18. AK April 15, 2010 at 8:52 am #

    Ok, Know code. You are obviously a clown who isn’t capable of careful reading or coherent thinking. The reason I think you know nothing about comedy is cause you don’t understand that humour is also serious business. That means, a lot of morality and politics is expressed in humor and so humor should be evaluated in terms of its moral and political content. I’m trying to point to a certain kind of politics that is evident in this piece. I’m assuming you left your brain in one of those trenches, but the author is clearly more sophisticated than you, and I hope that maybe she will find something of value in the criticism. It is tragic that in Pakistan the people with the least to say tend to be the loudest and somehow manage to hijack every forum.

  19. ayesha siddiqi April 15, 2010 at 9:03 am #

    What a wonderful read Sehar….I truly loved it!
    You could be the next Jhumpa Lahiri of Pakistan.
    Khaandaan Ka Naam Buland Kar Bachcha,

    Love,
    Ayesha Khala

  20. Ayesha April 16, 2010 at 1:19 am #

    @Know Code : Please re-read my comment! i did not say she paraded her relatives for the aunties , i meant she paraded them in the course of the story to make sure her readers knew she was of ‘noble birth’ hAAA ! . perhaps i shud have been more literal for bufoons like urself. Also, when you put things on the internet , criticism is to be expected. Since we ‘re getting personal, i must point out that your maturity level has miles to go. Your comebacks scream miffed 5 Year old !

  21. Know Code April 16, 2010 at 2:20 am #

    @AK: “It is tragic that in Pakistan the people with the least to say tend to be the loudest” > Spectacular own-goal.

    @Ayesha: Learn to spell and punctuate. Then, maybe, you get to lecture me on maturity.

  22. Mahboob July 5, 2010 at 6:20 am #

    Call me biased, but I cannot be convinced by anyone using words like fuckwittery (whoever invented that?) and pisstake….and boasts to be a top leftist while not having the guts to stomach a sensible comment on a piece of writing, which the author intended to have in the first place obviously…isn’t that what blogging is about?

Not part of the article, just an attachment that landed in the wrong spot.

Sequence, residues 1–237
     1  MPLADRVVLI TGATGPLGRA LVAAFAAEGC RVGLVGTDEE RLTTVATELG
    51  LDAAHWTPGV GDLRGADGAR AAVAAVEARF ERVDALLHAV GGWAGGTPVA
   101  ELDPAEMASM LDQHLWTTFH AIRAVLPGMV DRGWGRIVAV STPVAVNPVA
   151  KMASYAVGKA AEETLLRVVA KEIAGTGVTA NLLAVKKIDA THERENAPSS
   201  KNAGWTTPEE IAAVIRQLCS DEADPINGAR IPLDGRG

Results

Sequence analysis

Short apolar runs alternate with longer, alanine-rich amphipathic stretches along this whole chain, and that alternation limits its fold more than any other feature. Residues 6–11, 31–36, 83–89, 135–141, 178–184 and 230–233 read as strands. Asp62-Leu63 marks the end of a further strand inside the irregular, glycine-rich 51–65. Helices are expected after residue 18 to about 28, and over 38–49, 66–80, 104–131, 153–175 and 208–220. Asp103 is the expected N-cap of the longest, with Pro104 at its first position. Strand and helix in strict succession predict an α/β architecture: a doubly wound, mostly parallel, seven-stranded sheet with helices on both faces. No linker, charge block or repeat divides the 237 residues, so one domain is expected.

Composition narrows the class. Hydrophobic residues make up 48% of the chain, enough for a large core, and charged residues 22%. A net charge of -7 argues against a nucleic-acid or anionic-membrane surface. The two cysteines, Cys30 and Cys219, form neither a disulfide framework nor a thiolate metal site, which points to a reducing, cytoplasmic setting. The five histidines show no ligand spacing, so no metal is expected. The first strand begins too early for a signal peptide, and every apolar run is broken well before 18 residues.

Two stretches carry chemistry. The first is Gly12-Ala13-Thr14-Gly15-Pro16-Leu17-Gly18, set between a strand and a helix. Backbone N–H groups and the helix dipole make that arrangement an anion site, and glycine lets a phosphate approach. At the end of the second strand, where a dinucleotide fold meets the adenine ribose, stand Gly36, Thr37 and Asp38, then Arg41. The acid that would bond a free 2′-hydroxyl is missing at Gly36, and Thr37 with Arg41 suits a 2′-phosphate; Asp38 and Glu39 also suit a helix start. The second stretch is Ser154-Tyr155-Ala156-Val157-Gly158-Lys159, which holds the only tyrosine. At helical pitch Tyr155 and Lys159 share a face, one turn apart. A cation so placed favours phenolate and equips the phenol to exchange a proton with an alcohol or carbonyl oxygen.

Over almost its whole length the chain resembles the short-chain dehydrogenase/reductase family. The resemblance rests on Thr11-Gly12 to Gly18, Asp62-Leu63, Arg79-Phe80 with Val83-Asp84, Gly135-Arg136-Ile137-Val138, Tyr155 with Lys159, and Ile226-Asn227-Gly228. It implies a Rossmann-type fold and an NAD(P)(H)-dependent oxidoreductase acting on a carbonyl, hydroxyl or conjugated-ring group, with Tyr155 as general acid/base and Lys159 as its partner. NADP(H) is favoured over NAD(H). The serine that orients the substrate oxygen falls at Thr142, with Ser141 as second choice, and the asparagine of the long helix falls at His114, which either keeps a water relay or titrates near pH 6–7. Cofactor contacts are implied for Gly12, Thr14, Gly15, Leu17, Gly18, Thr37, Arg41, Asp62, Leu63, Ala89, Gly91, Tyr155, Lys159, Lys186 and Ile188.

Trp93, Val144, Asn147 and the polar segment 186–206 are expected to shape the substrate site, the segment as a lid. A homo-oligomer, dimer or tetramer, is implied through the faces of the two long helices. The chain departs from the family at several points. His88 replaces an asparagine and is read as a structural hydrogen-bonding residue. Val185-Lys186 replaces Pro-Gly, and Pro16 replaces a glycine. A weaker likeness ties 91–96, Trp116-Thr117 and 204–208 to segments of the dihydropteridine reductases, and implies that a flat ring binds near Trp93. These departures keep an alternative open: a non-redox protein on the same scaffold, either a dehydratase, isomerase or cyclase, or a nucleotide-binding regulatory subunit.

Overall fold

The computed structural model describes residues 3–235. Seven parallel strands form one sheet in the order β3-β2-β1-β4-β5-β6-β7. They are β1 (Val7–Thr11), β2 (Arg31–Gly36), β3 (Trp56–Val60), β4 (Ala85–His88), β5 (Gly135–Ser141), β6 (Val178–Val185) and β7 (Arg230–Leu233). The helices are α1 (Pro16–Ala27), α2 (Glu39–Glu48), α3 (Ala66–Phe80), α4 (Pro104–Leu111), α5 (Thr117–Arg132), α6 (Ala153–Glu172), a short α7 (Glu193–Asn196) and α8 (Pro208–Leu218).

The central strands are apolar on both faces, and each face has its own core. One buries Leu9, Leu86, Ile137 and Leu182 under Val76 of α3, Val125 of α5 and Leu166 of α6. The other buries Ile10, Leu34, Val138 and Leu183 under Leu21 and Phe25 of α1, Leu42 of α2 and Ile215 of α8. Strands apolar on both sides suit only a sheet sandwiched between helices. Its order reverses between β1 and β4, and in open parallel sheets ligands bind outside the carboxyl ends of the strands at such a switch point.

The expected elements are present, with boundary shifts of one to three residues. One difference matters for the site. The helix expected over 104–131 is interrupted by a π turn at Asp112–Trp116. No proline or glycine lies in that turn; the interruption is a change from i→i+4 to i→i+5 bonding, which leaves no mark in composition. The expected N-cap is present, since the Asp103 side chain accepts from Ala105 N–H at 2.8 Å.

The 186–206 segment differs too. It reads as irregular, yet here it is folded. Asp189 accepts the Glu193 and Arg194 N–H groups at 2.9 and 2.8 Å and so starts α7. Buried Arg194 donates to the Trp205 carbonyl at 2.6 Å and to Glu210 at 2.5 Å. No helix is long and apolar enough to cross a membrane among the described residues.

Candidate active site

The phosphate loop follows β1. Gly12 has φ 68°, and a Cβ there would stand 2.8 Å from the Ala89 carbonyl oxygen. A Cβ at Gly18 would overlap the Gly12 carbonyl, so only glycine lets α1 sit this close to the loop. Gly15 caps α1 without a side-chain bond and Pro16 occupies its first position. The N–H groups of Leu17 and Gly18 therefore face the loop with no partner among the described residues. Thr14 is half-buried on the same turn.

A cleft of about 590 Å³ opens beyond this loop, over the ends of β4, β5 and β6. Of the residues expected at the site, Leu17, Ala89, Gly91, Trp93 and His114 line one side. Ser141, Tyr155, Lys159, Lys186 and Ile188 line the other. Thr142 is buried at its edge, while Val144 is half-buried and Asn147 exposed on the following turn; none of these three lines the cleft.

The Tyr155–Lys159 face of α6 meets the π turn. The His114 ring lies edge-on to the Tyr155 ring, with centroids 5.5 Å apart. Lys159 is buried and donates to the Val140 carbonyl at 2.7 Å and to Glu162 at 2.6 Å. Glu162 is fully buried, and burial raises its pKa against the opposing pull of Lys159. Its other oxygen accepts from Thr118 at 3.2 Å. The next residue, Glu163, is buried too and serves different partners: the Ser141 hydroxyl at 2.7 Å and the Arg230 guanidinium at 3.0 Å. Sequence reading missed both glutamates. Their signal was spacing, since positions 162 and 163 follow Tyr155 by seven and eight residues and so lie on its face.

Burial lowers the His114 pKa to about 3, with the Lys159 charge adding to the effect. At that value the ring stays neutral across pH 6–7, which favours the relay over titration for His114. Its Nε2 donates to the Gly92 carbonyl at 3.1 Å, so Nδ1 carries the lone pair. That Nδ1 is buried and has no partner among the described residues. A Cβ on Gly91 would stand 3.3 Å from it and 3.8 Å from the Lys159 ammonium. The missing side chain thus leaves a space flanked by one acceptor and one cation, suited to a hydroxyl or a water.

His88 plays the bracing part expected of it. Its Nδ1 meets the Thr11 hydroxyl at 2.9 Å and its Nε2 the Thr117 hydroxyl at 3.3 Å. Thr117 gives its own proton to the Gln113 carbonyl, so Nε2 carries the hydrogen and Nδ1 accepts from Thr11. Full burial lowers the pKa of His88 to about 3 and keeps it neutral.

23. Ayesha July 22, 2010 at 6:21 pm #

    Way to go Ayesha, AK and Mahboob:).
    Superb comments and way of writing..
    As for know code…
    You need to do better than that…Instead of commenting on the actual content, you made it a point to trash sensible people.
    Shame on you.

  24. Lubna July 24, 2010 at 9:34 am #

    Leaving everything aside, I could only think of the line from the movie The Princess Diaries: “…how many times a day I use the word ‘I'”.

  25. Murtaza Ali Jafri July 27, 2010 at 7:53 am #

    Haha, really entertaining.

  26. Chanda Ashkettle August 21, 2010 at 11:13 pm #

    Beautiful post. Please more.

  27. KK September 4, 2010 at 11:08 pm #

    Awesome Piece ! I stumbled across your blog yesterday and i must say, i am addicted ! The righteous crusader ! 🙂

  28. mudassir October 18, 2010 at 1:53 am #

    dancing, singing, brunonian, stays in Pk, with fat check etc. etc. zoya is hell perfect girl to marry, wonder y she cares about winning rounds lol
    i wudnt take it to be a story of a Pakistani girl though; like i wud b surprised if someone told me there r more than 100 of that kind there.
    well written sehar, sorta enchanting i say…read this long a post after so long a time. kudos

  29. Asif December 18, 2010 at 9:23 pm #

    Rabishhhhhhhhhhhh 😉

  30. Afia September 27, 2011 at 1:28 am #

    Reminded me of a piece I read recently on an online magazine for Islamabadi teenagers. Do read it – I think you’ll enjoy it! http://text-teen.com/issue/2/raiseyourvoice/raise-your-voice

  31. Neman Ashraf February 28, 2014 at 4:19 pm #

    Awesome narration. Enjoyed every bit.